Victorian Era Toolmaker: William Goyen

William Goyen (1814-1898)

Goyen lathe, circa 1870-1890.

William Goyen is thought to have been of Cornish origen, perhaps residing in Cornwall, UK prior to working in South America as a mining engineer. Upon his return to the UK around 1870, he lived in Newton Abbot, Devon, where he began to manufacture high-class, expensive ornamental lathes. Over the next 20 years, from age 56 to 76, he single-handedly produced some of the finest ornamental lathes ever made. Twelve lathes bearing his name are known to survive.

There are no two Goyen lathes the same, however they all bear a very high quality of construction and fine finish. One such lathe was purchased in 1873 by Mr Singer of sewing-machine fame who moved to England from America and bought a large estate in Devon. Since Goyen lathes follow the standard arrangment and sizing of the era, they are often found equipped with chucks and accessories made by other makers and third-party suppliers.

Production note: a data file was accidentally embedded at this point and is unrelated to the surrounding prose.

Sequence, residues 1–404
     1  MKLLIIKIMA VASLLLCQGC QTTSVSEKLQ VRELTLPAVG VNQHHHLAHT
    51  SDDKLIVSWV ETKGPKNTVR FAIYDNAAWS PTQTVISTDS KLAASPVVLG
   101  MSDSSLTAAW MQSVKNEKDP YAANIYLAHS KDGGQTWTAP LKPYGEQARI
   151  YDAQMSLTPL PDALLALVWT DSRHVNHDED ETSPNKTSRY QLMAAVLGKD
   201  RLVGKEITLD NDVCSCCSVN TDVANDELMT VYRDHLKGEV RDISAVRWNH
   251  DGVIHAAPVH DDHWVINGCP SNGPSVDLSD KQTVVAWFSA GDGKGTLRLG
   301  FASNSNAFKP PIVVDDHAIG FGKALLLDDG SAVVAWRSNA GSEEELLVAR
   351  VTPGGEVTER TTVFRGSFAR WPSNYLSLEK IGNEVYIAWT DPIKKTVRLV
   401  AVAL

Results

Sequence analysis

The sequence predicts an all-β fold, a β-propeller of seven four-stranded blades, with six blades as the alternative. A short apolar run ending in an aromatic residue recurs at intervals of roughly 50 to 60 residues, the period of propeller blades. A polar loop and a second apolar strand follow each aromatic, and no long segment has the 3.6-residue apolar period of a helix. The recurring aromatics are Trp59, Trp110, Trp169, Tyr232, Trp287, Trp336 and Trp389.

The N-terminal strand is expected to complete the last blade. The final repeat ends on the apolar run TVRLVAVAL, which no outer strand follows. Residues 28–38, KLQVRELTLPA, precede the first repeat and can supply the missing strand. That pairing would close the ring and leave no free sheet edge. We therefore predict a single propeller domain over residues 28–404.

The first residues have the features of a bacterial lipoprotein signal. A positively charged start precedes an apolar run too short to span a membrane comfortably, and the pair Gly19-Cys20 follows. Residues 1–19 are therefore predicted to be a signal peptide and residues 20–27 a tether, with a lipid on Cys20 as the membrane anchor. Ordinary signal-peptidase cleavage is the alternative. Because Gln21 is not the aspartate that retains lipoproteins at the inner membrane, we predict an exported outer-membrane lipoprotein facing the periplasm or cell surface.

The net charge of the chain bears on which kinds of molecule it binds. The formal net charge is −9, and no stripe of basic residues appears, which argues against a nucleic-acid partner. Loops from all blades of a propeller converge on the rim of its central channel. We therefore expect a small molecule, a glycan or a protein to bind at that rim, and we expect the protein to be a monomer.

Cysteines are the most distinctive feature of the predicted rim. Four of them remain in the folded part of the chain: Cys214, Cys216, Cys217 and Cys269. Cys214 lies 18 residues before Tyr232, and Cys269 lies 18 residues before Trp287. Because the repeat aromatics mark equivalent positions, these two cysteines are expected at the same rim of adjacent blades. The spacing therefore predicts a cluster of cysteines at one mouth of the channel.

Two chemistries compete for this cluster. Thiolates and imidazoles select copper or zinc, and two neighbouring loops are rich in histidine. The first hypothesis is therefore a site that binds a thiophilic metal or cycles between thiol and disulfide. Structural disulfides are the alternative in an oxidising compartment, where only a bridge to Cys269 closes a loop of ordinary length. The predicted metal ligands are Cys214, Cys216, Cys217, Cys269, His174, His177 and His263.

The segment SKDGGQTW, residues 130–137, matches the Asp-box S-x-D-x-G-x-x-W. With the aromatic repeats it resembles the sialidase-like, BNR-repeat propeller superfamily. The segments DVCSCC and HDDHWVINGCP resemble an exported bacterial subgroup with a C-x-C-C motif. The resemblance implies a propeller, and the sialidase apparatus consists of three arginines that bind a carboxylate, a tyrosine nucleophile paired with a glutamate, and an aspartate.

The Society of Ornamental Turners Bulletins Nos. 67, 68 and 69 offers an extended and detailed article by Roger Davis who travelled extensively through the UK and America inspecting and cataloging Goyen lathes.

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If you want a tool to be the centre of all manner of tinkering and mending, or for exercise that is gentle and cheap, or for calling the mind off from anxiety or hard thinking, or for healthful and artistic creations, I know of no instrument to be compared to the Lathe. It is easily kept in order, and the results are so quick, so varied, and so beautiful, that you never get tired of it.

Reverend John Todd (1870)